Gene Editing Breakthrough Lets Us Create Perfect Humans. But Should We?

Two years ago, a group of Chinese scientists shocked the world with a groundbreaking – and arguably chilling – achievement. They modified genes in human embryos with the latest gene editing technique, showing that designer babies, technically speaking, were no longer science fiction.

A new tool unveiled last week takes the precision of this technology to a whole new level. Named adenine base editor, the gene editing tool can pin-point at the exact DNA molecule that needs fixing. The base editor “corrects” a class of mutations responsible for thousands of diseases like blindness, sickle-cell anemia, and cystic fibrosis.

Super-precise targeting

In short, the base editor replaces adenine (A) – one of the bases that make up DNA – to guanine (G). It’s a modified form of CRISPR/Cas9, the famous technology that cuts chunks of DNA to add, delete, or replace genes.

“CRISPR is like scissors, and base editors are like pencils,” explained study author Dr. David Liu, who is a chemical biologist at Harvard University.

While CRISPR physically snips away at DNA strands, the new base editor dodges the need to cut by shuffling the structure of molecules that make up DNA. To instill edits, the base editor rearranges atoms in adenine to resemble guanine instead. This tricks the cells into fixing the other DNA strand to make the change permanent. It offers a cleaner, more efficient solution when the goal is simply to fix one specific “typo” in the genetic code.

This new method is a game-changer for genetic diseases caused by mutations in which guanine is replaced by adenine; this accounts for about half of the 32,000 single-letter “typos” associated with human disease.

Hereditary haemochromatosis (HHC), a disease that prompts the body to extract and store too much iron from food, is one of them. With the base editor, the team was able to “correct” the mutated gene back to the normal version in cells derived from patients with the disease.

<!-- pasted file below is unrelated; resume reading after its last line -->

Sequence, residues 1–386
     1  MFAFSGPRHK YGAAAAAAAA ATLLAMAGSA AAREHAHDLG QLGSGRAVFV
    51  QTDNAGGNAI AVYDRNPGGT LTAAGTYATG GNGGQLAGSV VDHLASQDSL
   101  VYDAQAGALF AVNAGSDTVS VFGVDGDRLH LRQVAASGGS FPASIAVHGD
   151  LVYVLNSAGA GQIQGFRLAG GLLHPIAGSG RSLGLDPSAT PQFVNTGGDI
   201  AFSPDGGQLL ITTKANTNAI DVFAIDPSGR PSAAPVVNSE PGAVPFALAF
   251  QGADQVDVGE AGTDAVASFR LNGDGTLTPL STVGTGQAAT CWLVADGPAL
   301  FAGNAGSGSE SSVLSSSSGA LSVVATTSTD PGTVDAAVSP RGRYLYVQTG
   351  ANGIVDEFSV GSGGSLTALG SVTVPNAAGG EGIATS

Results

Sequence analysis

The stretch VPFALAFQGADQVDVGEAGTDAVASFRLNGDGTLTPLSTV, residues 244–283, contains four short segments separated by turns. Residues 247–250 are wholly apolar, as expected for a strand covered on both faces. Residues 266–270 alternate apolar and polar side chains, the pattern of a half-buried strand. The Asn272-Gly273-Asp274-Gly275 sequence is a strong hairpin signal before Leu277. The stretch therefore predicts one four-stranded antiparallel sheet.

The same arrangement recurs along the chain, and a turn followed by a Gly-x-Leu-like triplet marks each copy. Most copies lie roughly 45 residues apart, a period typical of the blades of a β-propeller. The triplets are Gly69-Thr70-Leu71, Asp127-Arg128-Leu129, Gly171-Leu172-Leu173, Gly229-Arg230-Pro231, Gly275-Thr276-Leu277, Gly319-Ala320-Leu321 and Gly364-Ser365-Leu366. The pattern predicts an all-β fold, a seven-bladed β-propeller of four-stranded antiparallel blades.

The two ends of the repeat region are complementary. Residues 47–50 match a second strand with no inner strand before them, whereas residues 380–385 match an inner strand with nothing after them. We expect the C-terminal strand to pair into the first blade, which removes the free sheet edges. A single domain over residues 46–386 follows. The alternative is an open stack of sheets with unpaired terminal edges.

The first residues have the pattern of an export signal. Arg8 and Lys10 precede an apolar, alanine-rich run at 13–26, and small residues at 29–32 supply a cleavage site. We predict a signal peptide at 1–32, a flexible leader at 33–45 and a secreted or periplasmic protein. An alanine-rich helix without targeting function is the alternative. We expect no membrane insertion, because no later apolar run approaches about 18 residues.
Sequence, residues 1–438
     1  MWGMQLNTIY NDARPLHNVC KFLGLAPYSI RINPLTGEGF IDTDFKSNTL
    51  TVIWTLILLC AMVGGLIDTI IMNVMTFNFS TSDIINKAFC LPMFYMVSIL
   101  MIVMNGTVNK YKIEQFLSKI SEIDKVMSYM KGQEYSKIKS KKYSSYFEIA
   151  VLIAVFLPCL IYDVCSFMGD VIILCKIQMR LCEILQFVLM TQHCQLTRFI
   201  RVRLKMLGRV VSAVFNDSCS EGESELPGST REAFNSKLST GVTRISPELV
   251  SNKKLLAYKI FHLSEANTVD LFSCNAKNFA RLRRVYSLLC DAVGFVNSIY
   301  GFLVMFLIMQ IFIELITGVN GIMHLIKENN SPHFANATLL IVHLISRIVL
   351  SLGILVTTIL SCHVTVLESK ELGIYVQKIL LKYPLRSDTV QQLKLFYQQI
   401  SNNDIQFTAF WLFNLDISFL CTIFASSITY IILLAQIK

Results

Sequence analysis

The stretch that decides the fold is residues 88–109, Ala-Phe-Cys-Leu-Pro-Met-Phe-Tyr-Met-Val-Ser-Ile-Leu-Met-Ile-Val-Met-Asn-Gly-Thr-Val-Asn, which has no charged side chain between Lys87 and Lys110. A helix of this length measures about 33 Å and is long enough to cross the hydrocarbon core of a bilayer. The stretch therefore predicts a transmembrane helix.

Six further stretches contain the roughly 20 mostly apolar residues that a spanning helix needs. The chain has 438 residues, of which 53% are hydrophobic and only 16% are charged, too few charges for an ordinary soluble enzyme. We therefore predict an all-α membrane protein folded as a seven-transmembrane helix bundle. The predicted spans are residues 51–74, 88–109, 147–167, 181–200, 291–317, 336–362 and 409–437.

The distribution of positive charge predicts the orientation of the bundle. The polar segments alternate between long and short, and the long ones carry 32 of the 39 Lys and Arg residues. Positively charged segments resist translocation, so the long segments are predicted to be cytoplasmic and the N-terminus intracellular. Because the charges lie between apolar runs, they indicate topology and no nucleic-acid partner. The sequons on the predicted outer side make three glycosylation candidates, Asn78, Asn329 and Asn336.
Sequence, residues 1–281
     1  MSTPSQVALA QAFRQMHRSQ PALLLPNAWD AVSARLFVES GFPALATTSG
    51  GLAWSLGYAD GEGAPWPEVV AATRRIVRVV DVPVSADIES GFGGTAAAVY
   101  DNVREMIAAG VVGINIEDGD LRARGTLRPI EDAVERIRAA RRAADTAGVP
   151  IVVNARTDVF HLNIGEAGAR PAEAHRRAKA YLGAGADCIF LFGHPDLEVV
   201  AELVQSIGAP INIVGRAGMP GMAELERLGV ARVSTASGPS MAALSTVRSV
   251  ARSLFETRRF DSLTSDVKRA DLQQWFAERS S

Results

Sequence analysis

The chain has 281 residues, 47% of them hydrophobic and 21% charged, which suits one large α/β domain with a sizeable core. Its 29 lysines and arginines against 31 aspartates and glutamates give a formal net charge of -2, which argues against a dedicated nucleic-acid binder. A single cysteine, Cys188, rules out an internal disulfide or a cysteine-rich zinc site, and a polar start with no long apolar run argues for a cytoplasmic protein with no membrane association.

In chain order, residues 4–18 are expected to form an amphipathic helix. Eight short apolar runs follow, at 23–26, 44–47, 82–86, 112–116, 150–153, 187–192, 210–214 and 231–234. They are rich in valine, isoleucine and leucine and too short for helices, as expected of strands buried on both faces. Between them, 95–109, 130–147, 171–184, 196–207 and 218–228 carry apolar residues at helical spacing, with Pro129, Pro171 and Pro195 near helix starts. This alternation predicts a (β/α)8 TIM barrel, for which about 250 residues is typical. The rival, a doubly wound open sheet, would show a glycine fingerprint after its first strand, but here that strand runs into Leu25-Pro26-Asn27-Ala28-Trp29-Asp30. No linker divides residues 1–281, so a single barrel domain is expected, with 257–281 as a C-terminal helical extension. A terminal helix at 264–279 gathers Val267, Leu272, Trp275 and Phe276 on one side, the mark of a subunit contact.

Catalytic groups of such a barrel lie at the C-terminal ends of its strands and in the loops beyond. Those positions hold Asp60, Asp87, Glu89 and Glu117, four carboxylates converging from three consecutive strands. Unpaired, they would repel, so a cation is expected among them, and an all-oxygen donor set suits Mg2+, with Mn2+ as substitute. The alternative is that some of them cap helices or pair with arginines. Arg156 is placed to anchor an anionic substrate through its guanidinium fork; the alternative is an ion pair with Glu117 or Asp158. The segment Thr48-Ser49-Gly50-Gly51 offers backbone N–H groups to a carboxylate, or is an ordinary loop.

How far are we from designer babies?

The first priority for this research is to establish a machine that can be used to treat existing patients.

“Creating a machine that makes the genetic change you need to treat a disease is an important step forward, but it’s only one part of what’s needed to treat a patient,” said Dr. Liu. “We still have to deliver that machine, we have to test its safety, we have to assess its beneficial effects in animals and patients and weigh them against any side effects. We need to do many more things. But having the machine is a good start.”

But this new technology may also lower the bars for germline editing, or the making of heritable modifications in eggs, sperm, or embryos.

Experts agree that there’s far too little known about how the edits could affect humankind over the long term for germline editing to be considered ethical. One major caveat of the CRISPR method was that physically slicing through DNA invited some unintentional edits with unknown consequences. In fact, a handful of countries now have a ban on germ-line engineering, and the EU’s convention on human rights and biomedicine has declared that this would be “a crime against human dignity”. In 2015, UNESCO made an international call to temporarily ban human germline editing until a thorough public debate ensues.

Without the need to chop up DNA, however, the base editor has less than 0.1% risk of making unwanted mutations. There’s already a supportive environment for further research on germline editing with this technology. Influential organizations in the US and on the international scale have been endorsing research and clinical trials on germline editing, on the condition that the reason for research is justifiable and that the use of the technology is strictly limited with specific criteria. Working on just that are at least three centers in the US, as well as scientists in China and biotech companies in the UK.

To what extent do we, as a collective, want to allow genetic engineering of our offspring? The day we have to come up with an answer might just be around the corner.

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